Reformation Today (Montreal, Canada), 1.10 (July-August 1952): 11-12.]

Calvin a Presbyterian? Why of course, many will say, he was the founder of the Presbyterian Church. Therefore, when you quote Calvin, you are quoting, not a Protestant theologian, you are quoting a denominational apologist. We have even had this said to us concerning quotations in articles in this magazine. Consequently we feel that it is time that Calvin was somewhat better understood.

In order that we do this properly, it must be remembered that Calvin was, first and foremost, a Biblical expositor. His chief interest was in bringing men back to a proper understanding and application of the Word of God. He wrote commentaries on all but two of the books of the Bible. At the same time, he realized that only as men understood the teachings of the Word of God as a whole, could they be thoroughly furnished. He therefore, was the first of the Christian writers to set forth systematically what the Word of God had to say concerning God and man’s relation to Him. He did this in his Institutes of the Christian Religion.

Since Calvin’s day, his views have been accepted most completely by the Reformed and Presbyterian churches throughout the world. But they have done this, not because Calvin was Frenchman, nor because he wrote well, nor because he built up a strong church in Geneva. They have done this because they believed that his views were the most thoroughly Biblical of any so far set forth. Calvin was not a Presbyterian, but real Presbyterians are fundamentally Calvinists.

In the same way Evangelical Anglicans, if they adhere to their Thirty-Nine Articles, are also basically Calvinists. A study of the history of the formulation of the Articles will show quite clearly that Calvin’s was the dominant influence in the statement of doctrine prepared for the Elizabethan church. One man has made the comment that Calvin’s Institutes was the best known theological work in England during the last half of the sixteenth century. What is more, if one follows the history of Evangelical Anglicanism down through the succeeding years, he will find that Calvinism was its very motive power: George Whitefield, Hannah More, the Earl of Shaftesbury and many others were all strong Calvinists. It would seem that real Anglicans are also fundamentally Calvinists.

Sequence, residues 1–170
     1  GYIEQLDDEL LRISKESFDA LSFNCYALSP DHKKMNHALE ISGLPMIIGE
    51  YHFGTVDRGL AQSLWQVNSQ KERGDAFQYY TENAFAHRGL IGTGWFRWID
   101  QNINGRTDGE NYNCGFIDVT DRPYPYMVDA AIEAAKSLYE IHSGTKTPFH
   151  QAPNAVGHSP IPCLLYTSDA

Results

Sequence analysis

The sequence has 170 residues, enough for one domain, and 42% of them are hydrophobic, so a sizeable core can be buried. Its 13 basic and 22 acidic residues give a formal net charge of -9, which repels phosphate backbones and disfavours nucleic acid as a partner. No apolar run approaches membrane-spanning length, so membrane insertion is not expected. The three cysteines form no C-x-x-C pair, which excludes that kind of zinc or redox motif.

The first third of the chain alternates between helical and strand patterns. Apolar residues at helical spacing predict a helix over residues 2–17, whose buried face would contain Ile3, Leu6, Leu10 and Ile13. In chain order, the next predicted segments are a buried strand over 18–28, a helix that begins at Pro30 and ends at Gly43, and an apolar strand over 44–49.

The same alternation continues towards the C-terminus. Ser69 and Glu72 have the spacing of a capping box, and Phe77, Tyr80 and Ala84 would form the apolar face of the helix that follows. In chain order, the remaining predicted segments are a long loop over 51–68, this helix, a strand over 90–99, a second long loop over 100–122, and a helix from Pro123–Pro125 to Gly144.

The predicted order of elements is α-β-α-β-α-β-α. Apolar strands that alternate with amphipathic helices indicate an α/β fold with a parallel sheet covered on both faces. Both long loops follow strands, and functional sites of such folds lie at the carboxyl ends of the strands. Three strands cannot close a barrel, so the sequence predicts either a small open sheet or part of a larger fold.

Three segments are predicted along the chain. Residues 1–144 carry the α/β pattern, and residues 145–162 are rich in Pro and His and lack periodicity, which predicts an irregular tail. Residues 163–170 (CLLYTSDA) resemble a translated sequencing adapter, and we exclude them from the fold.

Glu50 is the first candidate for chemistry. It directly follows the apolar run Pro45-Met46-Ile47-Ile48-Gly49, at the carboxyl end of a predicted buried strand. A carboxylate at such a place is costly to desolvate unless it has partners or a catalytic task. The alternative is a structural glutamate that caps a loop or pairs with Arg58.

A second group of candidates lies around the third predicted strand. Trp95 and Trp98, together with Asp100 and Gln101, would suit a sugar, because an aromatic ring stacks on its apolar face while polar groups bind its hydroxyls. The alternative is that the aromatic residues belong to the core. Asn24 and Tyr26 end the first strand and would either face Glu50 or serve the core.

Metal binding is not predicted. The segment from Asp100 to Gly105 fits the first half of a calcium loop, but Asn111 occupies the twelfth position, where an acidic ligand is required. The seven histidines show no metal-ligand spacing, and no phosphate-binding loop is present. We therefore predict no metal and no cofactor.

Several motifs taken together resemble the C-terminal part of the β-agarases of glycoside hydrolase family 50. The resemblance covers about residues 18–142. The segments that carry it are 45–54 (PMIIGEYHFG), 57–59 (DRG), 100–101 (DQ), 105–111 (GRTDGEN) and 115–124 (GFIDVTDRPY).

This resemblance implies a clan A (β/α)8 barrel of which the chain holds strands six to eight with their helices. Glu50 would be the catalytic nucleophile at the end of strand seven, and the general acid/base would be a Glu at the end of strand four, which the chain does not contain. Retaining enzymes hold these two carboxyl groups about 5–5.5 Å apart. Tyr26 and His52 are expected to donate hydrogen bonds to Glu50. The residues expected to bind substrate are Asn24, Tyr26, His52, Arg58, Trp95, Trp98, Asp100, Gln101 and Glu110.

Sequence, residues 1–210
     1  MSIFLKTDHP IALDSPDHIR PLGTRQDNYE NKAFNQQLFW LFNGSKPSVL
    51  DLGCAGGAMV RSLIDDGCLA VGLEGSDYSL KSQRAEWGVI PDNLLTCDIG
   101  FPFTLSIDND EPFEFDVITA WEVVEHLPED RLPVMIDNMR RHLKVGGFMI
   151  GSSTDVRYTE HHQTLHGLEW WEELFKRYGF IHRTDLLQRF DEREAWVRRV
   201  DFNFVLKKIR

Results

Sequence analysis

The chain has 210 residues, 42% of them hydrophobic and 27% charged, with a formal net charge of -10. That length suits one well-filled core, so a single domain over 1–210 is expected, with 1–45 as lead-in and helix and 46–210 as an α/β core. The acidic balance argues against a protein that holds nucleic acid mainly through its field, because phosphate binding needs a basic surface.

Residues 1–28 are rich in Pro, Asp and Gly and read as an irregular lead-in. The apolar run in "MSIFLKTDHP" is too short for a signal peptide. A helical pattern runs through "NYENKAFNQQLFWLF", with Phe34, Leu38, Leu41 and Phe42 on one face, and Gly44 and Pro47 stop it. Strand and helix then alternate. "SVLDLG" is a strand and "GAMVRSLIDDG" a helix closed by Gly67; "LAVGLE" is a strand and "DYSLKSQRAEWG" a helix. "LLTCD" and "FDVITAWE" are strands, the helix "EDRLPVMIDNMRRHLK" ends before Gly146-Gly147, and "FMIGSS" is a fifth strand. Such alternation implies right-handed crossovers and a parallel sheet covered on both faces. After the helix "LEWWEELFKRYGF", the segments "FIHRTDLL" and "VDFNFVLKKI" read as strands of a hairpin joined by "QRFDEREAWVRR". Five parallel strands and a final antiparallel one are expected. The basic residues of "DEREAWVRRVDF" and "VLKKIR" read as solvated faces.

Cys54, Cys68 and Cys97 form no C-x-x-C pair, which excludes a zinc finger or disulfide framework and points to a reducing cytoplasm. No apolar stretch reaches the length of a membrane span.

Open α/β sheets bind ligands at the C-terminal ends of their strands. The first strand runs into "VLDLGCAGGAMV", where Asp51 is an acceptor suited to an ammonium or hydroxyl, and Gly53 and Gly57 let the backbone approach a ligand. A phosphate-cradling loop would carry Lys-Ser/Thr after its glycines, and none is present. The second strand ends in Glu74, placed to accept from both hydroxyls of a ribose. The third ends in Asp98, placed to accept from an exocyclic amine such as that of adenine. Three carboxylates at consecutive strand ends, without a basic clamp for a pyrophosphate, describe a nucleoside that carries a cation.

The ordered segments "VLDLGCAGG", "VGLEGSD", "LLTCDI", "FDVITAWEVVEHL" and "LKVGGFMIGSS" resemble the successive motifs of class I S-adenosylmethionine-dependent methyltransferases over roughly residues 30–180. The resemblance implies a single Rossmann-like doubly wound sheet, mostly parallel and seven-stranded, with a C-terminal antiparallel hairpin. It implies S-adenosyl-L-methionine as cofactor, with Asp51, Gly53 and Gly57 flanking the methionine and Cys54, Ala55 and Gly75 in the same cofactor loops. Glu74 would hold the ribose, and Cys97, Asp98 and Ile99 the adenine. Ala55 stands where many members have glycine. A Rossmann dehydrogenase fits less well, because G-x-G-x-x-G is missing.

The same might be said of the Baptists. Some ten years after the formulation of the Westminster Confession of Faith, the present confession of the Presbyterian Church, the Baptists in the Savoy articles accepted the Calvinistic position, by adopting the Confession, although rejecting the doctrine of infant baptism and Presbyterian government. So down through the years Calvinistic Baptists have been numerous and a power for God in their communion: John Bunyan and Charles Haddon Spurgeon are but two who might be mentioned.

The same could be said of the Congregationalists, who were at variance with Calvin only on the point of church organization. But what about people like Methodists who hated a great number of his teachings? Even they, whether they realized it or not, were heavily indebted to Calvin. The stress upon the doctrine of Justification by Faith, upon the sovereign righteousness of God and upon similar doctrines was largely owing to the work and teaching of Calvin. Even their individualism, high-lightng the doctrine of man’s individual relationship to God could really be based only upon Calvin’s doctrine of covenant-election. Their one difficulty was that they allowed their reason at times to sit in judgment on God’s Word.

Now, we would not have it thought that Calvin was always right, but we do believe that basically he was closest to the Word of God, of any thinker who has written since the days of the Apostle Paul. He had his failings, he made his mistakes as any other man, net blessed with prophetic or apostolic power, might do. Yet he stands so far above all others who have written since the days of the inspired writers that we feel no shame in quoting and referring to him. For we believe that God raised him up at a special time, endowing him as he has few other men since apostolic days, with insight into the meaning of His Divine Revelation. Let none of us, therefore, forget the rock from which we were hewn.